Most parents experience stress, but for those raising children with autism, everyday life often brings Stress with a capital S, from managing behavior and therapies to school problems. More than a few studies report that parents of children with autism experience more stress than other parents do. What can families do to cope?
Simons Simplex Collection (SSC)
How one mom pushed to get a diagnosis for her son's rare condition, find other children like hers, and amass a database of symptoms. She calls herself a "crazy obsessed, highly caffeinated, middle of the night, internet stalking, Mommy-Detective." And she has the ear of researchers on three continents.
Antipsychotic drugs have become something of a "go-to" treatment for the most severe behavior in autism. They're prescribed frequently to children and adults. What are the risks and benefits?
Among their many contributions to autism research, the families in the Simons Simplex project have given us insight into the lives of girls on the spectrum.
Learn about autism in girls and women in this video from Dr. Kevin Pelphrey.
A new study suggests that children with autism may have two different and unrelated types of sensory problems, not one as currently believed. The study involves families in the Interactive Autism Network and Simons Simplex Collection.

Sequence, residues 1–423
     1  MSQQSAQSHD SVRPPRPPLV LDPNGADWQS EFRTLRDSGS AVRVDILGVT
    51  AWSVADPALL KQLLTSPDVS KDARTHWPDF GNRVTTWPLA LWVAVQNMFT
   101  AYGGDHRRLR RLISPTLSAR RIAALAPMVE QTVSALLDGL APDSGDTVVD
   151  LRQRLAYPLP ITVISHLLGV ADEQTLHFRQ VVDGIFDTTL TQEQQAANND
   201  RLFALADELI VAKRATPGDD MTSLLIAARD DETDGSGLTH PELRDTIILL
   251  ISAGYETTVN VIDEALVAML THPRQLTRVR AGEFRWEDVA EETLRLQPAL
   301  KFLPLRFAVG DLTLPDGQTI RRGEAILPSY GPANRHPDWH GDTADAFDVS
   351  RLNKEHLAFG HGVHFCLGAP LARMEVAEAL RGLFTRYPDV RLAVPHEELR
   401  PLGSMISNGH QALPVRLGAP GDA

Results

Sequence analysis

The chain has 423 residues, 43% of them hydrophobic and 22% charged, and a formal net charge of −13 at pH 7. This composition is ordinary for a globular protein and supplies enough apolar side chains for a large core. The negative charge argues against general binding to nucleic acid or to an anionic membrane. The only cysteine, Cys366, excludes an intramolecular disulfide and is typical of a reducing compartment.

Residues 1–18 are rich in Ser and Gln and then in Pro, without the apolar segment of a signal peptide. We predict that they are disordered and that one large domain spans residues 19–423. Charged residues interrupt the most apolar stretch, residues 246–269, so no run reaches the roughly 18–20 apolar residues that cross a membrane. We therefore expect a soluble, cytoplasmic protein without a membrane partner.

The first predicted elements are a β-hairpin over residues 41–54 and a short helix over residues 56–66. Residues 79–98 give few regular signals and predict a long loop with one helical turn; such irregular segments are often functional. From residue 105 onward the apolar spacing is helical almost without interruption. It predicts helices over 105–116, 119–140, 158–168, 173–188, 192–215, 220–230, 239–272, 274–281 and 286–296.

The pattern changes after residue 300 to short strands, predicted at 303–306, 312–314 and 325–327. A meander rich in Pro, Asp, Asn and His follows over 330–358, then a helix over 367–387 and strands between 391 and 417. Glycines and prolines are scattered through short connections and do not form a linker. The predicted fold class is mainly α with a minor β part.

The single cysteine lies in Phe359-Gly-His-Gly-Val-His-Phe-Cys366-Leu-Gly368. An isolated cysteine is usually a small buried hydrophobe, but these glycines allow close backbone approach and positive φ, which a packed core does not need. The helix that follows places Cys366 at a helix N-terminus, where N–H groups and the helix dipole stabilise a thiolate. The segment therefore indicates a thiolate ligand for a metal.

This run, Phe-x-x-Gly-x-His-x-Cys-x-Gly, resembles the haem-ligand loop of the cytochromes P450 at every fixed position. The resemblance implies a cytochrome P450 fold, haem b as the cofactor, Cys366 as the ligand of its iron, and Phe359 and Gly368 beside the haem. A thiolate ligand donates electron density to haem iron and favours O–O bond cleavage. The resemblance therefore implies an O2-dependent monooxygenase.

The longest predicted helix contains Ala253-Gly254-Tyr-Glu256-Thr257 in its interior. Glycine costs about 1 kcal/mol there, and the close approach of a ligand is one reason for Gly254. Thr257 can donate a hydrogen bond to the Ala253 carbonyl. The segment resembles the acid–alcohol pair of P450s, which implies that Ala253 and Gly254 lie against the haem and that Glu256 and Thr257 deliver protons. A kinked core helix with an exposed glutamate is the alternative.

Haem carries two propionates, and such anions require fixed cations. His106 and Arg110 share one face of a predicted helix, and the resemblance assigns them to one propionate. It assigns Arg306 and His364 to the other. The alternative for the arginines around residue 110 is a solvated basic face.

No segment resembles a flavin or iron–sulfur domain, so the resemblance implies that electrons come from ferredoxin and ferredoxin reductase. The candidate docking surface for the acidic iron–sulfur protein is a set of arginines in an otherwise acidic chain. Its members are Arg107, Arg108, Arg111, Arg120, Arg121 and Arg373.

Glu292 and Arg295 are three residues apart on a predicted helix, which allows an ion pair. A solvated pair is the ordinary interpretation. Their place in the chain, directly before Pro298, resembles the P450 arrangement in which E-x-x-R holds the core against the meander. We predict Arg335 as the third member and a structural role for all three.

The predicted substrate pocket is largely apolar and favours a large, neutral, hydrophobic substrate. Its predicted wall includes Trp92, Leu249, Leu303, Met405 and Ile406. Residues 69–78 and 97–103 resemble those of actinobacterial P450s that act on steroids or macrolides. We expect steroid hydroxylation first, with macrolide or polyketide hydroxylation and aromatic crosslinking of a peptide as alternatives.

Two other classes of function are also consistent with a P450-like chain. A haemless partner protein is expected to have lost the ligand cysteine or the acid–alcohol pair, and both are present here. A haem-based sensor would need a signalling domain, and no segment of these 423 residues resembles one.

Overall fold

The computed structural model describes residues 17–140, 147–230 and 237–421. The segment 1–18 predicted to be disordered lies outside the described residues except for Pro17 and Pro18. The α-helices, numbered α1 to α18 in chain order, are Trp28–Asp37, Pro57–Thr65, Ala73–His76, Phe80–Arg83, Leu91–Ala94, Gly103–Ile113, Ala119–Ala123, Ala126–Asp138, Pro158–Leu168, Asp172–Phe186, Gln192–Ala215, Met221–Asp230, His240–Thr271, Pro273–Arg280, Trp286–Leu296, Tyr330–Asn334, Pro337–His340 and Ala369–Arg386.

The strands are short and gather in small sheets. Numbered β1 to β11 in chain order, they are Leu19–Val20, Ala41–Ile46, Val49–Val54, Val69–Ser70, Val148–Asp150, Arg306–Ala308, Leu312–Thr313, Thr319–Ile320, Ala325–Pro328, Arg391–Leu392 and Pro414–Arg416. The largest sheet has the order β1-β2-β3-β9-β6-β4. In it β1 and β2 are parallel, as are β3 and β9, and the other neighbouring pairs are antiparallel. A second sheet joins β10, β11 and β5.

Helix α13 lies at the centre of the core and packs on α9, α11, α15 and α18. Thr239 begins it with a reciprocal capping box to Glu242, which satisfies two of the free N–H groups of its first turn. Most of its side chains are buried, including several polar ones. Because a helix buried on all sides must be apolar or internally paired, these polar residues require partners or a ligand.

Is autism different in girls? Researchers are trying to get a better picture of "female autism," but a new study shows just why it's so hard to define sex differences in autism.
The large wave of children diagnosed with autism in the 1990s are becoming adults and leaving their pediatricians. Are health care providers who treat adults ready for them? How well-trained are they in adult autism?
Parents report that their child's autistic behaviors, combined with social stigma and isolation, make their lives more challenging, according to a new study of the Simons Simplex Collection. Many families say they feel socially isolated or rejected, while some of their children are bullied and teased because of autism.
Children with autism have more gastrointestinal (GI) problems than other kids, according to many studies, but why? Some small studies suggested that the bacteria in their GI tracts are different. What would a larger study show, especially one that used a rigorous definition of GI disorders?